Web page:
About the P.W. Gast Lecture
This award is bestowed jointly by the EAG and the Geochemical Society and has been named in honor of Paul W. Gast, the first Goldschmidt medallist (the Goldschmidt award is bestowed by the Geochemical Society). This lectureship is awarded to a mid-career scientist for outstanding contributions to geochemistry. The lecture is presented as a plenary at the Goldschmidt Conference.
The selection of the lecturer alternates between the GS Board of Directors and the EAG Council depending on the location of the Goldschmidt Conference.
To be eligible, nominees must have received their PhD at least 10 years and no more than 25 years of full time equivalent research employ before the Goldschmidt conference at which the lecture is presented.
Nominations of underrepresented groups are encouraged.
We are committed to promoting the diversity of our awardees, to recognizing a wide range of different types of exceptional contribution, and we acknowledge the different career paths that lead to the achievement of such contributions.
The award is presented annually at the Goldschmidt Conference and consists in a certificate and an honorarium (1000 Euros).
About Paul W. Gast
Paul W. Gast (1930-1973)
During his career, Paul W. Gast pioneered the study of rare earth elements in examining the crust, mantle, and interior of the planet. He led the development of the use of rubidium-strontium and uranium-lead radiometric dating methods for rocks, particularly for samples returned from the Moon. His examinations of trace elements resulted in new understands of how volcanic fluids originate. Gast was the first recipient of the V.M. Goldschmidt Award.
University of California, Santa Cruz, USA
Phoebe Lam will presented the 2023 Paul W. Gast Lecture as a plenary lecture at the Goldschmidt2023 Conference.
The recording of the lecture, “Marine particle geochemistry: influence on biogeochemical cycles in the ocean“, can be viewed here.
Recipients of the P.W. Gast Lectureship
Click on the Lecture Title to watch the lecture.
|2022||Vanessa Hatje||Universidade Federal da Bahia, Campus Ondina, Brazil||Rare Earth Elements: Tracers of Natural and Anthropogenic Processes Along the Continent-Ocean Continuum|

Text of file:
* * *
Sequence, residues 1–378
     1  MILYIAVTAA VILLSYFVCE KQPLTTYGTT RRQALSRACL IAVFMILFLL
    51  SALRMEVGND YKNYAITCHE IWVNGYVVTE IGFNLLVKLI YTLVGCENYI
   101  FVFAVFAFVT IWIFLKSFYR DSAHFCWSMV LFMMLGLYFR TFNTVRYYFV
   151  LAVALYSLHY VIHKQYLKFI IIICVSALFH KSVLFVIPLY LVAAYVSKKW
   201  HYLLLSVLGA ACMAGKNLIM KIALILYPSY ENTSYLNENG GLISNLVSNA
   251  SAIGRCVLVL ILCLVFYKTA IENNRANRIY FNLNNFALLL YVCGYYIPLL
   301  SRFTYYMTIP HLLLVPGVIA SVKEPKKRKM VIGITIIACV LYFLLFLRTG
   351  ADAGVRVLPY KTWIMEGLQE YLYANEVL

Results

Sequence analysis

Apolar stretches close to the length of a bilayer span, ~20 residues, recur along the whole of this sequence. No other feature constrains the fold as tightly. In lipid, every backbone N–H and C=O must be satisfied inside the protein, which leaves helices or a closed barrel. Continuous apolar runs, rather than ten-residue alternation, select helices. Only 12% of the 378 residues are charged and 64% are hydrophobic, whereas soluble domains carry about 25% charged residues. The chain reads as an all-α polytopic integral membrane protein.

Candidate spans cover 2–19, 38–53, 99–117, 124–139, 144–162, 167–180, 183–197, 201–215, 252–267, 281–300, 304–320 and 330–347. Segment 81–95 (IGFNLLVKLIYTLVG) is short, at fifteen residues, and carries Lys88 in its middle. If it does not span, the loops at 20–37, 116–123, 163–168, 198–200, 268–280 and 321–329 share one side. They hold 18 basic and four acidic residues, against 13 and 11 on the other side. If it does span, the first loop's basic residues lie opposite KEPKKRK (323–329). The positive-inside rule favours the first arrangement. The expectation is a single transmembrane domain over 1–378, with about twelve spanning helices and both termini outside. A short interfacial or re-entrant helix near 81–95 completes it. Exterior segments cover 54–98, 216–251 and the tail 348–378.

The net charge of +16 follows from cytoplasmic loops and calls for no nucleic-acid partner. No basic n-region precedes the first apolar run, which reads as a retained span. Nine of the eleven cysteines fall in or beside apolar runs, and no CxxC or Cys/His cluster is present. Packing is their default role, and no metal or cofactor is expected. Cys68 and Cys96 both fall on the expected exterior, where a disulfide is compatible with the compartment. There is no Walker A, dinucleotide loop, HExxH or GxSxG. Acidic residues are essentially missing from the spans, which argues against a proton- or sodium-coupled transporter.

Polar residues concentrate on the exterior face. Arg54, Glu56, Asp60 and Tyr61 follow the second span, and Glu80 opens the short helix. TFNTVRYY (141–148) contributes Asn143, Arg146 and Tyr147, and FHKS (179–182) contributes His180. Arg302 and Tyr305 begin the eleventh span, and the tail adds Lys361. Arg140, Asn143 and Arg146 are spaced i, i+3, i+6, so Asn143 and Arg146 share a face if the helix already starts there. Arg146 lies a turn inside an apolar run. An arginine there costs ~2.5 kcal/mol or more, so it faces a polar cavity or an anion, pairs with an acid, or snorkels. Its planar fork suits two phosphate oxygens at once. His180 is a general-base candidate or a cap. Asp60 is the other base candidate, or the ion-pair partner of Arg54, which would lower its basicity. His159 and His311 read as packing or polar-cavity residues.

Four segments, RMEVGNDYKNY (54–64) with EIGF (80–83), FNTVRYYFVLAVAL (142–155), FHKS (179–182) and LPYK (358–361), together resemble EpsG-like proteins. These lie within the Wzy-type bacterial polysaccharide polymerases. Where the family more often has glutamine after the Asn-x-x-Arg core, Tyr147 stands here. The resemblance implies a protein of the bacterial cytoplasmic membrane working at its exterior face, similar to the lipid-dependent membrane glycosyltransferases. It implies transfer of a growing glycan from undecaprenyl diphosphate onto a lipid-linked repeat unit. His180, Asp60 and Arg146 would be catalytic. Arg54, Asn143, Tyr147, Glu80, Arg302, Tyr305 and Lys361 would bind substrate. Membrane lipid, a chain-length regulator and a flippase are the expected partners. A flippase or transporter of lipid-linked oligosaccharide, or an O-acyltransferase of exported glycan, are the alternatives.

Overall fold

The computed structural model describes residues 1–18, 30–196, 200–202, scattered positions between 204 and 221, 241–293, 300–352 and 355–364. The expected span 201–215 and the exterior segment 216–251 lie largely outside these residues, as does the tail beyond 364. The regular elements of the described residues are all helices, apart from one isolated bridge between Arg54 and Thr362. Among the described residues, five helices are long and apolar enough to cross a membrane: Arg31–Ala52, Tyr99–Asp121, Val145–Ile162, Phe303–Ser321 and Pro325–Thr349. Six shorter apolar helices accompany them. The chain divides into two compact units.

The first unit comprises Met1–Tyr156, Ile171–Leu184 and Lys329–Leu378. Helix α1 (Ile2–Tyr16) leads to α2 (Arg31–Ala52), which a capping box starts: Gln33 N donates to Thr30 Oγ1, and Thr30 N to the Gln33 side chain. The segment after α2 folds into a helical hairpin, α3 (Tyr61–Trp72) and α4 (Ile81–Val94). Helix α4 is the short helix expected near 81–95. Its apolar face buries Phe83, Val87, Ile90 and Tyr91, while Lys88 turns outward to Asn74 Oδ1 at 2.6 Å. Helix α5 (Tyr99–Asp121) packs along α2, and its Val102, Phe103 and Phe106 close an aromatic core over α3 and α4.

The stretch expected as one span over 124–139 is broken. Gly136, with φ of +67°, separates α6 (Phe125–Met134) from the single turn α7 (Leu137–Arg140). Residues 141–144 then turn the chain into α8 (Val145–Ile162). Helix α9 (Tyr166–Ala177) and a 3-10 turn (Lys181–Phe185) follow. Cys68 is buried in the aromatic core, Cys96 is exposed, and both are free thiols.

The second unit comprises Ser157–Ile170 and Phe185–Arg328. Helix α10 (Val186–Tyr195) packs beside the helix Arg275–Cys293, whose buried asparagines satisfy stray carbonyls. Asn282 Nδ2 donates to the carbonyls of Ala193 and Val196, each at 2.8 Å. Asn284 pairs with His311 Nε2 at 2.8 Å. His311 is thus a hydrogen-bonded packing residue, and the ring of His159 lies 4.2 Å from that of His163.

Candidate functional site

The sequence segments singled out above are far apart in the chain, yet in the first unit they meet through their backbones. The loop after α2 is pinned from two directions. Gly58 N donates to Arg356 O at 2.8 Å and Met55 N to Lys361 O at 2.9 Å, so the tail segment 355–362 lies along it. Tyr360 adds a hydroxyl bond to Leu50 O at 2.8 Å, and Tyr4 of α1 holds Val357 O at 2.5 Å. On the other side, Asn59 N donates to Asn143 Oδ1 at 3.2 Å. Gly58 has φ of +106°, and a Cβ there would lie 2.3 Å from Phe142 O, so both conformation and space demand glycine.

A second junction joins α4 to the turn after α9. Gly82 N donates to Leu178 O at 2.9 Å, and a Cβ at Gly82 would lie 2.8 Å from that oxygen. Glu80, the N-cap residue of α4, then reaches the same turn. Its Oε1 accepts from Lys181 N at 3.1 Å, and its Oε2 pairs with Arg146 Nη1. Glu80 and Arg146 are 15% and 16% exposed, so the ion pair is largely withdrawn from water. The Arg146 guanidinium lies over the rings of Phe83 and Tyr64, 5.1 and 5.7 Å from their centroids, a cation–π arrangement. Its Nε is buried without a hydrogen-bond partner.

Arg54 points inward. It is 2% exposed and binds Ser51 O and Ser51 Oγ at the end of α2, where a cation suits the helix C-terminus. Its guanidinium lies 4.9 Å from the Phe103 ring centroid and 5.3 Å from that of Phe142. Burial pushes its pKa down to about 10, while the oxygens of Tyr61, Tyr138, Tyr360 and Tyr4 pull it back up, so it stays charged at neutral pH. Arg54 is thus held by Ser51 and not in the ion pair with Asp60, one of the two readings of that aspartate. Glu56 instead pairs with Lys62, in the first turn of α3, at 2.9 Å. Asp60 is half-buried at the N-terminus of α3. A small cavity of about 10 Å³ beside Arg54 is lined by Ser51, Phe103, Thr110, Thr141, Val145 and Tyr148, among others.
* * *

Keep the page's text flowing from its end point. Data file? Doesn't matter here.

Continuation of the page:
|2021||Sonja Aulbach||Goethe-University Frankfurt, Germany||Chemical geodynamics with eclogite|
|2020||Jochen Brocks||Australian National University, Australia||Lost World of Complex Life: Molecular Traces of our Deepest Eukaryotic Ancestors|
|2019||Carrie Masiello||Rice University, USA||New Synthetic Biology Tools to Track Microbial Processes in Soils and Sediments|
|2018||Caroline Slomp||Utrecht University, the Netherlands||Oxygen Loss In Coastal Waters: Impact on Geochemical Cycles|
|2017||Shuhei Ono||Massachusetts Institute of Technology, USA||Clumped Isotopologue (13CH3D) Fingerprinting of Methane Sources|
|2016||Shogo Tachibana||Hokkaido University, Japan||Chemical Evolution of the Solar System: Laboratory Experiments and Small-Body Explorations|
|2015||Ann Pearson||University of Harvard, USA||Organic Geochemical Proxies|
|2014||Tim Elliott||University of Bristol, UK||The Implications of a Non-Chondritic Terrestrial Mg Isotope Composition|
|2013||Sujoy Mukhopadhyay||University of California Davis, USA||Probing the Hadean World with Noble Gases|
|2012||Ros Rickaby||University of Oxford, UK||Tight coupling of life and metals throughout evolution|
|2011||Victoria Orphan||Caltech, USA||Microbial Partnerships and Methane-Oxidation in the Deep Sea|
|2010||Jérôme Chappellaz||University of Grenoble, France||Greenhouse Gases and their Isotopes in Firn Air and Ice Cores|
|2009||Ken Farley||Caltech, USA||Major events in the recent history of the solar system recorded by 3He in deep-sea sediments|
|2008||Jérôme Gaillardet||IPGP, France||Direct coupling between chemical and physical erosion rates in the West Indies|
|2007||Kate Freeman||PennState University, USA||Direct coupling between chemical and physical erosion rates in the West Indies|
|2006||John Eiler||Caltech, USA||Application of stable isotope geochemistry to elucidate processes and conditions on the Earth and other planets|
|2005||Eric Oelkers||CNRS Toulouse, France||Mineral Surface Reactivity from the Global to the Atomic Scale|
|2004||Peggy O’Day||UC Merced, USA||Cheeseburger in Paradise: Nutrients, Contaminants, and Cycling Across the Abiotic-Biotic Divide|
|2003||Hiroshi Ohmoto||PennState University, USA||Chemical and Biological Evolution of the Early Earth: A Minority Report|
|2002||Patricia Dove||Virginia Tech, USA||Deciphering the Physical Basis of Biomineralization through the Lens of Mineral Assembly|
|2001||Donald DePaolo||UC Berkeley, USA||Ca Isotope Geochemistry|
|2000||Jill Banfield||UC Berkeley, USA|
|1999||Bernard J. Wood||University of Oxford, UK||Trace Element Partitioning: A Blunt Geochemical Instrument|
|1998||Everett Shock||Arizona State University, USA|
|1997||Edouard Bard||Collège de France, France||Geochemical and Geophysical Implications of the Radiocarbon Calibration|